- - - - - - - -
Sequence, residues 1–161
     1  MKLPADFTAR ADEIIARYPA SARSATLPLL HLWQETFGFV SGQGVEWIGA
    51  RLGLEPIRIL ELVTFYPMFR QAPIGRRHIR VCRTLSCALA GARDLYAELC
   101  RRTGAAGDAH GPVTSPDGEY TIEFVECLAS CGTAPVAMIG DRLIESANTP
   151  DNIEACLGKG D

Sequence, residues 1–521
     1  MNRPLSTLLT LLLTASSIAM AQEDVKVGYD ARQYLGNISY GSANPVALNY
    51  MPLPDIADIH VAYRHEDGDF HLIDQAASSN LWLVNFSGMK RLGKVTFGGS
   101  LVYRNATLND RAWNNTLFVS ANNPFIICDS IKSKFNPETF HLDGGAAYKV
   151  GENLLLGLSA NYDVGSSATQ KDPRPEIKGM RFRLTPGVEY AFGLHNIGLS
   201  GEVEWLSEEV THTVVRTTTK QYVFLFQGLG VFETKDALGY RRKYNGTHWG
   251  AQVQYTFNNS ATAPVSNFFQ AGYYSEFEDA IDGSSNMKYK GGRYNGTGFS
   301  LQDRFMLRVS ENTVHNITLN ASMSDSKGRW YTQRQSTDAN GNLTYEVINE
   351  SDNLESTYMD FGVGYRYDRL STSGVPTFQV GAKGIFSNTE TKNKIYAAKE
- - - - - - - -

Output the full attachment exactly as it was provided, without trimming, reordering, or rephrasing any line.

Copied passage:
Sequence, residues 1–161
     1  MKLPADFTAR ADEIIARYPA SARSATLPLL HLWQETFGFV SGQGVEWIGA
    51  RLGLEPIRIL ELVTFYPMFR QAPIGRRHIR VCRTLSCALA GARDLYAELC
   101  RRTGAAGDAH GPVTSPDGEY TIEFVECLAS CGTAPVAMIG DRLIESANTP
   151  DNIEACLGKG D

Sequence, residues 1–521
     1  MNRPLSTLLT LLLTASSIAM AQEDVKVGYD ARQYLGNISY GSANPVALNY
    51  MPLPDIADIH VAYRHEDGDF HLIDQAASSN LWLVNFSGMK RLGKVTFGGS
   101  LVYRNATLND RAWNNTLFVS ANNPFIICDS IKSKFNPETF HLDGGAAYKV
   151  GENLLLGLSA NYDVGSSATQ KDPRPEIKGM RFRLTPGVEY AFGLHNIGLS
   201  GEVEWLSEEV THTVVRTTTK QYVFLFQGLG VFETKDALGY RRKYNGTHWG
   251  AQVQYTFNNS ATAPVSNFFQ AGYYSEFEDA IDGSSNMKYK GGRYNGTGFS
   301  LQDRFMLRVS ENTVHNITLN ASMSDSKGRW YTQRQSTDAN GNLTYEVINE
   351  SDNLESTYMD FGVGYRYDRL STSGVPTFQV GAKGIFSNTE TKNKIYAAKE